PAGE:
Consequently, since this kind of producers don’t have really the passion nor the wish of filming, they don’t have any idea about what they want to do. For instance, I ask them: “What do you want to do?”, and they answer me: “As you want”. Then I tell them: “So, why you are here?”. Therefore I cannot find the interest to work with them.
One of the theories of Takenori SENTO, the producer, to rise again the Japanese production was to orientate the Japanese filmmaking to be introduce in International Festivals, like Cannes and others, because inside Japan they really didn’t work. What about this vision?
In terms of the idea of re-importation, he thinks that even if we cannot recover 100% in Japan, if we can recover 10% in every foreign country, finally we can recover 100%. I think he thought that whatever the cost of the film, even recovering only 10 or 20% in Japan, we can recover the rest out of Japan.
He is right in this sense, so I have continued a relationship with him, even if I am not completely agreed with him. For me, my objective is to make films that can be loved by all the people, whatever the country. They are not films to be only showed to Japanese or to non-Japanese. I make films in which I believe.
When did you receive the proposition of this retrospective?
I don’t remember very well but maybe in May 2008. But in fact I was informed about this retrospective around the end of last year (2007) and the beginning of this one (2008).
Had you already finished the shooting of Le Petit Chaperon Rouge (The Little Red Riding Hood) at that moment?
No, It was in process.
Why did you decided to shoot in France?
When Pascal Lambert, the playwright, came to Japan, I met him through someone. He loved Eureka and we ate together. At that moment, or maybe a bit later he became the manager of Gennevilliers’ Theater. He was a friend of Olivier Assayas, a script writer, who became the curator of this theater’s cinema department. He had the project to carry out two or three films (or at least short films) per year. I know Olivier for a long time ago, so Olivier discussed with Pascal and then they propose me to direct one film. They wanted one foreign filmmaker directing one of the three films. They wished to make a film which shows Paris and Gennevilliers from a foreign director’s eyes. I have had the opportunity of being the first foreign filmmaker to make this kind of film.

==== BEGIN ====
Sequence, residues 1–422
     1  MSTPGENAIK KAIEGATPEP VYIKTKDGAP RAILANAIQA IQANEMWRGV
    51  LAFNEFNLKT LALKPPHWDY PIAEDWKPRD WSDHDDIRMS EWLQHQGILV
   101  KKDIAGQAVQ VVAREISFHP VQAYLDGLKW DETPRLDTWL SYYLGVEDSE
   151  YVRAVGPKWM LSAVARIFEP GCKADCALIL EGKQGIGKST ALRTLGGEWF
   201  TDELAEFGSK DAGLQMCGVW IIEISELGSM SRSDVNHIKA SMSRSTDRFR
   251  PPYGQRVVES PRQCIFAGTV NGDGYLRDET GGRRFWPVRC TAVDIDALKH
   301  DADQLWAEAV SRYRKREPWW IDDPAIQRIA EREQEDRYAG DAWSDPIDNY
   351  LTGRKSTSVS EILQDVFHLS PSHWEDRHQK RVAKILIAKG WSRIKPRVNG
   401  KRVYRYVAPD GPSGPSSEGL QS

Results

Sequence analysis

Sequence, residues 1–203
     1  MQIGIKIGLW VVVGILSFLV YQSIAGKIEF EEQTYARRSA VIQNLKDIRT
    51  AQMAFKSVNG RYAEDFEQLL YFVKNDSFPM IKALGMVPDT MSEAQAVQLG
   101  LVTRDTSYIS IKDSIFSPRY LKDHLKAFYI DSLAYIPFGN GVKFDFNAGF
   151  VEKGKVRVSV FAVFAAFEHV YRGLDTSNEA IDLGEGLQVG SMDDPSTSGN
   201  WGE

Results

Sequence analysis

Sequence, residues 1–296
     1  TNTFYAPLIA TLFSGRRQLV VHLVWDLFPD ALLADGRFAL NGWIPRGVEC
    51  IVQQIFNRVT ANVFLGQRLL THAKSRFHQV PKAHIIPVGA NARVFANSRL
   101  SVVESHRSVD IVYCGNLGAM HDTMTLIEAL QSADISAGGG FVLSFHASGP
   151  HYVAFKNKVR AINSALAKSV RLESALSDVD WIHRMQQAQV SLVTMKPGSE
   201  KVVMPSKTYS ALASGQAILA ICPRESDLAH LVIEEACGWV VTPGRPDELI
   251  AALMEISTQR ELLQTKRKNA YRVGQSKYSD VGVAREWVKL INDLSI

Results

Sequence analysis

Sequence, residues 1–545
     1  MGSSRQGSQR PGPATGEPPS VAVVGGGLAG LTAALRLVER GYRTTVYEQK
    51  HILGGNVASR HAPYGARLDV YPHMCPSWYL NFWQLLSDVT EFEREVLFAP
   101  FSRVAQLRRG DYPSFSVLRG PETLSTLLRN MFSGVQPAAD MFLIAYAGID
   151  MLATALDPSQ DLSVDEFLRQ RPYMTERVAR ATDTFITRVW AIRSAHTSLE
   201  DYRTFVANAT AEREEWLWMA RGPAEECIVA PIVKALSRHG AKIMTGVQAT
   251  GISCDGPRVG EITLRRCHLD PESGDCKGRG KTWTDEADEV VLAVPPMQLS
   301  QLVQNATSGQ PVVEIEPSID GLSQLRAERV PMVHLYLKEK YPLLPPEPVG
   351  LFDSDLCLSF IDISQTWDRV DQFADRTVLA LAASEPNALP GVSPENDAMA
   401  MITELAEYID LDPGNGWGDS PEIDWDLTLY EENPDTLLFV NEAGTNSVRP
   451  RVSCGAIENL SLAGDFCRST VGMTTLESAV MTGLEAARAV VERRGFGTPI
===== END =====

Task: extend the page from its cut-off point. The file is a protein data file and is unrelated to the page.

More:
Did you have ever had the idea of shooting in France before this film?
Le Petit Chaperon Rouge take place in the suburbs of Paris. You have said you preferred to shoot in suburbs. What do the suburbs represent in your cinematic world?
In the most of my films made until now, while there is the image of Tokyo at the beginning, characters tend to escape or move towards the suburbs or the country. That is probably because shooting only in Tokyo is not enough for me. With the mountain, the river, the sea, the beach and other natural elements I feel the film being maybe more rich. To shoot in the country is very natural and useful for me. If I was asked to shoot only in Paris it would have been difficult for me.
Anyway, although Gennevilliers looks a suburb, it is not either the country. In that way, it was very interesting of making this film without being conscious of being located in the suburbs, in the town or in the country.
Does this view of suburbs correspond to the idea of satoyama 2 ?
Yes, not in the spiritual sense, but physical. I don’t like to shoot in the plain. I feel the pleasure of filming the movement of people in places where there are trees, slopes, cliffs, the sea, uneven beaches… It is a little far from the spiritual sense.
These three natural elements: the sea, the forest and the fire are very important in your films. Which symbolism do you attach to them? They interest you in a visual or rather in a musical way?
Of course they have both a visual and musical way at the same time. It is not a question of symbolism, but something that is moving: the shiver of a flame and the crackling of fire; the never-ending moving sea waves’ sound; the leaves agitated by the wind in the forest and their resulting sound; the branches agitating and projecting a shadow movement… There are really anything but sound and images. 3
In the film of Le Petit Chaperon Rouge, you introduce a girl who is searching the ways to continue the fight that her parents had started in 1968. She is in the quest for this legacy symbolized by a luggage. But finally she decides to leave with a barge adrift and when she is on the point to throw this luggage, she didn’t do it. What do you want to mean with this conclusion?